For instance, a prominent technology corporation has initiated this procedure by publicly disclosing its strategic emphasis on AI for the foreseeable future and by involving its workforce in the process. In pursuit of this objective, the organization declared its decision to abstain from recruiting for a number of thousand non-customer-facing roles—jobs reliant on menial duties like transferring personnel between departments and extending employment verification letters—which it anticipates will be replaced by AI within the following five years.

IT inclusiveness

AI strategy, budget, and accountability are typically managed by the IT department, which has a historically low female representation, in the majority of organizations. In addition to recognizing the significance of the IT function in facilitating and implementing changes, business leaders must acquaint themselves with the technology and investigate its potential.

This, in turn, will increase the representation of women on the table and broaden the pool of decision-makers.

Obviously, increasing the number of women in technical positions where numerous AI decisions are made is also vital. A major technology company has effectively increased the representation of women in technical roles through a multiyear retention-oriented initiative that addresses pay equity, access to essential healthcare, and family leave policies. Over the past five years, another organization has increased female retention by 25% through its sponsorship and mentoring initiatives.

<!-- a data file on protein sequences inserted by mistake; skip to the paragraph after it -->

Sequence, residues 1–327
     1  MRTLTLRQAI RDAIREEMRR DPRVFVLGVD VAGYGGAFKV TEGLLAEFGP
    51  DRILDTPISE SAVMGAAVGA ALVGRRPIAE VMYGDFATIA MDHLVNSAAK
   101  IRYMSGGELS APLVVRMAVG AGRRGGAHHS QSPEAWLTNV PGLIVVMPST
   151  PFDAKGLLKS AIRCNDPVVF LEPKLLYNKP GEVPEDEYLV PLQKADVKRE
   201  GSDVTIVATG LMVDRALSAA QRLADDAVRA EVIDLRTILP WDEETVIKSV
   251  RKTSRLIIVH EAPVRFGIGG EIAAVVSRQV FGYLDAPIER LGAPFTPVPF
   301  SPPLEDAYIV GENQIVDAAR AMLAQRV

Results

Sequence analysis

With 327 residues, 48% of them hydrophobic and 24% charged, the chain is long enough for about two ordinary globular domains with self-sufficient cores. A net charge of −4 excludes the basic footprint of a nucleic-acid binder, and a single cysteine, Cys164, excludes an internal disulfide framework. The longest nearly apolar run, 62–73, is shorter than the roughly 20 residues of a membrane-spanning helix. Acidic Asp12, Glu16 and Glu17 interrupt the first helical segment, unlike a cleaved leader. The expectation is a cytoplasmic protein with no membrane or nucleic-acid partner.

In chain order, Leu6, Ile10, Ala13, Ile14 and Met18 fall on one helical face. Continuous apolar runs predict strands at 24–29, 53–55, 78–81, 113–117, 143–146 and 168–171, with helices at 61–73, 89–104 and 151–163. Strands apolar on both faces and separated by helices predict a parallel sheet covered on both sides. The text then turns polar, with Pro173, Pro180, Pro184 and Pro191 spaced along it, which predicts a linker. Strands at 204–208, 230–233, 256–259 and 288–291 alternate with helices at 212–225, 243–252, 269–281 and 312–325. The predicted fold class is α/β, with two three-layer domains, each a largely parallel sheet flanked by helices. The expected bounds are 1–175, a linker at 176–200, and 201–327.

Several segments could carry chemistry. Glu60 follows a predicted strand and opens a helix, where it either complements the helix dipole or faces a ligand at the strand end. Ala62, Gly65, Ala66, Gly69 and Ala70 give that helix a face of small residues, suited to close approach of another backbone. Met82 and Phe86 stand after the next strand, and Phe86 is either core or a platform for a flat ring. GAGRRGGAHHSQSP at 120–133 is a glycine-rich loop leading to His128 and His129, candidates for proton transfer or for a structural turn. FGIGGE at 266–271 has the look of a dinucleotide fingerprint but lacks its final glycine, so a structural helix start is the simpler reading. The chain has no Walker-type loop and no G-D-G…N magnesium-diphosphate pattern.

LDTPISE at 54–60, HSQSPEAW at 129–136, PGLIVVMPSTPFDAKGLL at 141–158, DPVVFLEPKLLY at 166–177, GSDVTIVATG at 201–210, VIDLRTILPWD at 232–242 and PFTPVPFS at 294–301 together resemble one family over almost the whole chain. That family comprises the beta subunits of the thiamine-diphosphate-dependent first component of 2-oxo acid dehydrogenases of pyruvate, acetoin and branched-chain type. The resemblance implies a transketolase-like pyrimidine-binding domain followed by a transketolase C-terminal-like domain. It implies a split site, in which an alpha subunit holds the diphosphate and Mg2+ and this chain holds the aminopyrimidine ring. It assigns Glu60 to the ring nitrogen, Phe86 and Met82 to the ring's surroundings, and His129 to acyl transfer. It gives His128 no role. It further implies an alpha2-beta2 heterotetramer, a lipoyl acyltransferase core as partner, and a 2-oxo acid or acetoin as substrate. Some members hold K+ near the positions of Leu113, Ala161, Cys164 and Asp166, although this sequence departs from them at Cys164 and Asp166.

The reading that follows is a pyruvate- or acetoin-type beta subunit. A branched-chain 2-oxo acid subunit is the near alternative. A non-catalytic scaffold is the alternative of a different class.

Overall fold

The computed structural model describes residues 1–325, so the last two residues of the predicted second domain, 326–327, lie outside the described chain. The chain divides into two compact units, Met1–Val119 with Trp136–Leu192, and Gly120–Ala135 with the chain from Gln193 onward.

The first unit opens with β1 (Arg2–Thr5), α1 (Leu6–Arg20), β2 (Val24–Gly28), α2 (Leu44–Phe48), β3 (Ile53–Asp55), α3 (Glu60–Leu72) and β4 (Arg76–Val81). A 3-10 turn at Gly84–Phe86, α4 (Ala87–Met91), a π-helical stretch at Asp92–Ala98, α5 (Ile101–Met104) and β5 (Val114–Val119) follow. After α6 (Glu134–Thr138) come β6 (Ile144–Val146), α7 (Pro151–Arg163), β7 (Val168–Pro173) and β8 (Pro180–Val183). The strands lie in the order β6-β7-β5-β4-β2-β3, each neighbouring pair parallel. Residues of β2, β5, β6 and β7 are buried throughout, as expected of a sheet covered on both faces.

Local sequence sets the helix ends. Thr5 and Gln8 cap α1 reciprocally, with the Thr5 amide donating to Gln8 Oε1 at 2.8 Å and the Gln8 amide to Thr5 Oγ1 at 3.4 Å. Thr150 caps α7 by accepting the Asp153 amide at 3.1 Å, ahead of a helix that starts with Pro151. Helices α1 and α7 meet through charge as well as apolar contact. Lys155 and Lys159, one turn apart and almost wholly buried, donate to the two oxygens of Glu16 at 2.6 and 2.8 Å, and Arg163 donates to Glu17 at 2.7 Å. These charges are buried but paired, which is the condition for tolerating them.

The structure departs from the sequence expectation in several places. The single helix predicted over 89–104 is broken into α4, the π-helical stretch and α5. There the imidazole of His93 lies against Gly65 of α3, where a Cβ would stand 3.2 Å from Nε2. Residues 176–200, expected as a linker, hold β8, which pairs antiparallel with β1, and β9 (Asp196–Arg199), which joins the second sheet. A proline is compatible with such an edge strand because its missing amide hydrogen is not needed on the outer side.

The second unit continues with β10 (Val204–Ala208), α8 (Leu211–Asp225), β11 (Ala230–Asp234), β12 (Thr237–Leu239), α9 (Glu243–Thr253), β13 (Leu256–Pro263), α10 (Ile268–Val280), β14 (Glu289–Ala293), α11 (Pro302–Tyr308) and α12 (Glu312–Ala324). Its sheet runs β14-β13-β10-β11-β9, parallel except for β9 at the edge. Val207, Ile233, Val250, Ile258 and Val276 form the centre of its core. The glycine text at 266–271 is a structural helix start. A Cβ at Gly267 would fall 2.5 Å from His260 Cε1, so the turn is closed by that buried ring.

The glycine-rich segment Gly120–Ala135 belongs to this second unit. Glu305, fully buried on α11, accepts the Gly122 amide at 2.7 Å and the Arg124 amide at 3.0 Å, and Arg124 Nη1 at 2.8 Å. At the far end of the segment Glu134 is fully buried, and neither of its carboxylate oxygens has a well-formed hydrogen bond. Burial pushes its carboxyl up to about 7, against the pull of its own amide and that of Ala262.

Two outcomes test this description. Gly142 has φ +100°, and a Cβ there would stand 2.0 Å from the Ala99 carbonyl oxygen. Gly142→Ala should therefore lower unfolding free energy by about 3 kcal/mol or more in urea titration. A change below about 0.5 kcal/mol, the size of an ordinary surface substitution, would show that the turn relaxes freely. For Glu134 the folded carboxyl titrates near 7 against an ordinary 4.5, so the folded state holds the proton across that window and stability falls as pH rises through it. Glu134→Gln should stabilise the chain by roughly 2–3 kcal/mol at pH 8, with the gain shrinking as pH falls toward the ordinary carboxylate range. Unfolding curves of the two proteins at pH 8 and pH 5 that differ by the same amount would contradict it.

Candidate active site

Tap Generation Z

Generative AI provides an opportunity for members of Generation Z to interact with and educate more senior colleagues on the technology, given that they are likely to be more knowledgeable about it. According to research conducted by the Oliver Wyman Forum a year ago, a significant number of Generation Z individuals value community and desire peer-to-peer mentoring programs. This is a chance for women of Generation Z to not only take the initiative but also raise awareness and assist in the education of their peers.

As the technology becomes more pervasive and integrated into society, organizations have the opportunity to demonstrate that a range of perspectives and genders are contributing to the discourse.

Already, generative AI is causing significant disruptions in the workplace, and this trend will only continue. Future workforces must be dominated by women, not only for their own benefit but also for that of corporations, shareholders, and societies.

It is imperative that the gender disparity in AI adoption be closed as soon as possible, and businesses have a significant opportunity to do so.

The original article was published on the website weforum.org.